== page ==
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End Of The Road For McCullough Case?

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Susan Stephens
/
WNIJ
DeKalb County Courthouse

The case of The People vs. Jack McCullough is back in a DeKalb County courtroom Friday. The story of the disappearance of Maria Ridulph spans seven decades.

Seven-year-old Maria Ridulph of Sycamore was kidnapped and murdered in 1957. Jack McCullough was convicted in the cold case in 2012: He was freed earlier this year when his conviction was vacated.

A lot happened in between.

Maria Ridulph’s disappearance from a street corner on a snowy December evening rocked her hometown. Search parties combed the area, the FBI set up shop, 200 possible suspects were interviewed. Nothing. Daily Chronicle Editor Eric Olson:

“They were really working hard to find out what had happened to this little girl; it was a national story. So it wasn’t as though there was a slipshod investigation done and, you know, people didn’t dot their Is and cross their Ts. The feds were working on this very hard and dredged up a whole lot of dirt on people in the community.

Four months after she disappeared, Maria’s body was found by mushroom hunters, more than a hundred miles from her home.

“The investigation went cold after a few years because simply there wasn’t any leads,” says former DeKalb County State’s Attorney Clay Campbell. He ended up reviving that investigation when a suspect emerged, more than 50 years later, “We’ve been fairly astonished at not only the leads that we have gotten, but the recollection of some of the local residents and they’ve been absolutely critical in assisting us in this case”

In 2008, a woman contacted the Illinois State Police to say her half-brother Jack McCullough had killed Ridulph. She said her mother told her so from her death bed. Two years later, Kathy Sigman Chapman identified a line-up photo of a teenage McCullough as “Johnny,” the man who gave them piggyback rides the night Maria disappeared.

McCullough was arrested in Seattle in 2011 and charged with kidnapping and murder. Campbell would lead the prosecution in a bench trial -- no jury -- in a DeKalb County courtroom not far from where Ridulph disappeared.

Campbell says he was “... struck by the fact that it was never given up as a lost cause and that there was always some law enforcement officer out there that had it in the back of his mind that that’s the cold case were going to solve.”

In mid-September 2012, Maria Ridulph’s brother Charles took the stand as the first witness in McCullough’s trial. Over the next four days, Chapman, McCullough’s half-sisters, fellow inmates, and a forensic anthropologist testified against the former police officer. Judge James Hallock found him guilty of murder and kidnapping. He was sentenced three months later to life in prison. The appeals began. And State’s Attorney Clay Campbell lost his bid for re-election to Richard Schmack.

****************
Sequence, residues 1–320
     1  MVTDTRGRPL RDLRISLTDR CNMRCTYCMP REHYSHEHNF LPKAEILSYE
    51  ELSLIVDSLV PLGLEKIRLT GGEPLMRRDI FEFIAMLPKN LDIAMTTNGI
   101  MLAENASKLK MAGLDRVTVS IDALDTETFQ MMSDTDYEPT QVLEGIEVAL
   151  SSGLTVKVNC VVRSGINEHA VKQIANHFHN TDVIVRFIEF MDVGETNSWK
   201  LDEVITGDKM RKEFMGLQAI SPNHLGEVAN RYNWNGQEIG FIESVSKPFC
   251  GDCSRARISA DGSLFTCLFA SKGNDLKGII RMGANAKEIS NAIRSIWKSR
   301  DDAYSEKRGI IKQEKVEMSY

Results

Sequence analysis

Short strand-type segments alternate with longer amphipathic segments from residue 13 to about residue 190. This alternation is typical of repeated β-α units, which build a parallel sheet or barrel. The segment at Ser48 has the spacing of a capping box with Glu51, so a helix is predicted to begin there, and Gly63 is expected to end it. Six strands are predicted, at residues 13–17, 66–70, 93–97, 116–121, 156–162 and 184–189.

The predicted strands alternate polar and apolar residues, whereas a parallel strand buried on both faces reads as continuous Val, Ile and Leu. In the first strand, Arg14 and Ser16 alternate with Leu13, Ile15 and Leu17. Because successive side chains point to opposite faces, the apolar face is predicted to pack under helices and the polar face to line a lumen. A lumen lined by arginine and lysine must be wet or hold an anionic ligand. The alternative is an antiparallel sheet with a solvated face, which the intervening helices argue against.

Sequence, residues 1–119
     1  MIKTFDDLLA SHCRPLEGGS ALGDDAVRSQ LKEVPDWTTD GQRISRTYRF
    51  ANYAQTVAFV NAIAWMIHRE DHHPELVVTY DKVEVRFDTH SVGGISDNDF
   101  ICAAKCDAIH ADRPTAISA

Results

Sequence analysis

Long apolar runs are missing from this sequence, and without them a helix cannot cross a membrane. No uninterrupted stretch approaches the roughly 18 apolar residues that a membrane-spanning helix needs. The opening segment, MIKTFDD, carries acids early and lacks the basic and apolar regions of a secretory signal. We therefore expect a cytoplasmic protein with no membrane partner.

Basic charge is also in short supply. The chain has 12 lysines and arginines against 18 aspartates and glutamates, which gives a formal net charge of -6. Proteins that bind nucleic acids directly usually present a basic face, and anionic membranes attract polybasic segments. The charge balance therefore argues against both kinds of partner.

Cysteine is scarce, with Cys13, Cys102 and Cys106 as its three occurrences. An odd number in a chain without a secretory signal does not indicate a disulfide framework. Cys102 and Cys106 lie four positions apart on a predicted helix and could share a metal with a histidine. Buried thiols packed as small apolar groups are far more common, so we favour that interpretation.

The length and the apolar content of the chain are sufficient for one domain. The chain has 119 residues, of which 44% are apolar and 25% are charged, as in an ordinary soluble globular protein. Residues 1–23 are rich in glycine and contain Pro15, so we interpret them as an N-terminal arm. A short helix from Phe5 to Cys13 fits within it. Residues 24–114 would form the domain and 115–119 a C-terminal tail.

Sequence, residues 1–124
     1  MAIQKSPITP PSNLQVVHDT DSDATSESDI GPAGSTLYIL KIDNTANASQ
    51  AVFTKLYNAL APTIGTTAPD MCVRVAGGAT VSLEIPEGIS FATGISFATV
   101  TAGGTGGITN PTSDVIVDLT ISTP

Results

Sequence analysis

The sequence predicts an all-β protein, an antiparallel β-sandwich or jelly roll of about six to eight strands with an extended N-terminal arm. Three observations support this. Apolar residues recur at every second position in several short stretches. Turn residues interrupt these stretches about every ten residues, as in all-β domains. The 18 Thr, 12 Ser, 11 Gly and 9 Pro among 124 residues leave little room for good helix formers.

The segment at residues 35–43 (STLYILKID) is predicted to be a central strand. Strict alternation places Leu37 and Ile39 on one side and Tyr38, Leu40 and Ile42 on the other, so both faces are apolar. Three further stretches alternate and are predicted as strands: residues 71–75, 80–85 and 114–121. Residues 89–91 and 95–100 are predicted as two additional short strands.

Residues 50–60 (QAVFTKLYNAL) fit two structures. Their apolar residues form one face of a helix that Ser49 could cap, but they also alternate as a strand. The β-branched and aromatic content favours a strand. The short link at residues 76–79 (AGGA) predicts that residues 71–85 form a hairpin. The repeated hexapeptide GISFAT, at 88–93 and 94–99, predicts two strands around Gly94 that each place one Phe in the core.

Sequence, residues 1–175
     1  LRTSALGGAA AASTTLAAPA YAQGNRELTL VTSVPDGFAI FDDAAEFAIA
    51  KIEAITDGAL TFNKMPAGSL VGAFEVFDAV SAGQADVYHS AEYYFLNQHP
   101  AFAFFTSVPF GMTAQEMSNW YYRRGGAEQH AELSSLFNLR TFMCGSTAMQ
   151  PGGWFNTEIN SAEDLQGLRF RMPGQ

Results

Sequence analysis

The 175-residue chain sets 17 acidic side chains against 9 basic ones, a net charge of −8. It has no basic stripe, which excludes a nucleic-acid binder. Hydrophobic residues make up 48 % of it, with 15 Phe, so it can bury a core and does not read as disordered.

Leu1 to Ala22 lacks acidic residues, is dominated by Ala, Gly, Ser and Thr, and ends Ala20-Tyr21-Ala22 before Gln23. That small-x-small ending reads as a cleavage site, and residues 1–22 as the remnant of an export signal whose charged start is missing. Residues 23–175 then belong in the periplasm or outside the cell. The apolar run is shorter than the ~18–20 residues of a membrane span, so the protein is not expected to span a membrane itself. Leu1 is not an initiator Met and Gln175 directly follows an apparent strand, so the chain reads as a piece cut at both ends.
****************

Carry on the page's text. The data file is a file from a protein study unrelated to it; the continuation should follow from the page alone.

“I want nothing more than for Jack to live to see the end, but he’s an old man," said Janey O'Conner, McCullough's stepdaughter, "but he is strong and determined and has from day one said he was innocent.”

O’Connor supported her stepfather throughout the trial and appeals. And, in March 2016, McCullough received news he’d been waiting for: State’s Attorney Richard Schmack released the court-ordered review of the case that he’d been working on for the previous half year. Records showed McCullough was in Rockford around the time Ridulph disappeared from Sycamore -- too far away to have kidnapped her.

McCullough let the judge know he was ready to move on: “Your honor, I’ve been in prison, locked up now for about for almost five years," he said in court. "I’m innocent, and I can prove I’m innocent, and there has to be an end to this somewhere.”

On April 15, McCullough’s conviction was vacated and he was free for the first time in years. But Maria Ridulph’s family wasn’t buying it, including her sister Patricia Quinn:

“What is there to say? This guy is guilty," Quinn said. "We know he’s guilty. And to let him out on his own recognizance? Does that make sense, own recognizance, does that make sense for a convicted murderer?

Ridulph’s family wants a special prosecutor appointed to the case. They contend Schmack is biased and made a campaign promise to free McCullough. Schmack says that, as much as he wanted it, he could not find the evidence to keep McCullough imprisoned

“Because the conflict, to the extent that there is one, is not a conflict of interest, it’s a conflict of conclusion between the conclusion to which I arrived and the conclusion that Mr. Ridulph arrived.”

Judge William Brady will hear testimony tomorrow, then may decide if a special prosecutor is needed. Meanwhile, no matter how the case turns out, Charles Ridulph says there’s still a lot of love in Sycamore for his little sister.

“Maria’s not being forgotten, I have no fears of that.”

Susan is an award-winning reporter/writer at her favorite radio station. She's also WNIJ's Perspectives editor, Under Rocks contributor, and local host of All Things Considered.
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